The effects of the Affordable Care Act on the rate of North Carolinians without health insurance has started to plateau. In some counties, it has begun to reverse.
Overall, North Carolina saw the rate of those without health insurance decline, following a trend that began with the passage of the ACA, often referred to as Obamacare. But that trend slowed in 2016, and in more than a quarter of the state, actually receded, according to the latest figures released by the U.S. Census Bureau.
Across North Carolina, those who have gained health insurance has increased substantially. In 2010, the year the ACA was signed in to law, there were more than 1.5 million people in the state without health insurance. That meant close to one out of every five people in the state were not covered. By 2016, that dropped to slightly more than 1 million people without insurance, or about 12 percent of the total population.
However, the decline slowed that year, suggesting that the effects of the ACA might have neared their limits. Furthermore, these figures estimate rates of insurance in the last year of the Obama Administration. Although Congress could not repeal the law, certain provisions were knocked off during the early months of the Trump Administration. For instance, individuals will no longer face a penalty for not having health insurance coverage, and insurers no longer receive cost-sharing subsidies, which helped control premiums.
"The most important message, obviously, is that the Affordable Care Act has substantially reduced the number of North Carolinians without health insurance," said Jonathan Oberlander, a UNC-Chapel Hill professor and chair of Social Medicine. "For all the controversy surrounding the law and everything that's gone wrong, we shouldn't forget that a lot of folks in North Carolina have gained insurance coverage."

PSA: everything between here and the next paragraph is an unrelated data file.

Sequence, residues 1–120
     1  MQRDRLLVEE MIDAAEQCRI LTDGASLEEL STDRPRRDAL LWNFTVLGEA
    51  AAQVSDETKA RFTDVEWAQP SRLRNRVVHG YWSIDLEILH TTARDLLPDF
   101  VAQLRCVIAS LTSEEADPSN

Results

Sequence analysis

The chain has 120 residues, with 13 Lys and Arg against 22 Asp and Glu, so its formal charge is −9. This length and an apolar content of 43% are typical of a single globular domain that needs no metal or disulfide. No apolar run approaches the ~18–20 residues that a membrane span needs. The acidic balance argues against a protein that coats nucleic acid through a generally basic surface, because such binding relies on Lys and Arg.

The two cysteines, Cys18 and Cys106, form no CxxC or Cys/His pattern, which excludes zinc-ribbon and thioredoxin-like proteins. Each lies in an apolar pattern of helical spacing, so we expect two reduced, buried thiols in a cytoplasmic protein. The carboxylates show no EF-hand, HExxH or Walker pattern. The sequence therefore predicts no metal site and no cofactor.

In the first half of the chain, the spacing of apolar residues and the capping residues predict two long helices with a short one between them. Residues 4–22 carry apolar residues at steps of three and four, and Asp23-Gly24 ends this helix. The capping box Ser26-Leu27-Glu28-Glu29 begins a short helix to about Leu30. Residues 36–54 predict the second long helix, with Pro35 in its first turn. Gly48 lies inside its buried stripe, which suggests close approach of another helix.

Still, he noted that even before President Trump took up residency at 1600 Pennsylvania Avenue, the "progress in reducing the uninsured was plateauing," adding that "there's some early evidence suggesting that there may be some reversal of progress in health insurance coverage."
In 28 North Carolina counties, the rate of those without health insurance increased from 2015 to 2016. Compare that to the prior year – 2014 to 2015 – in which not a single one of North Carolina's 100 counties saw an increase.
Those counties that saw increases in the rates of uninsured tended to be in economically distressed areas, though not exclusively. Granville, Iredell and Watauga all saw increases, yet they are classified as Tier 3 counties by the N.C. Department of Commerce. As for the others, 10 counties that saw an increase are classified as Tier 2 counties, and the remaining 15 are classified as Tier 3, the most distressed.
"There's tremendous uncertainty surrounding the law's future," said Oberlander. "The crystal ball is foggy, very foggy."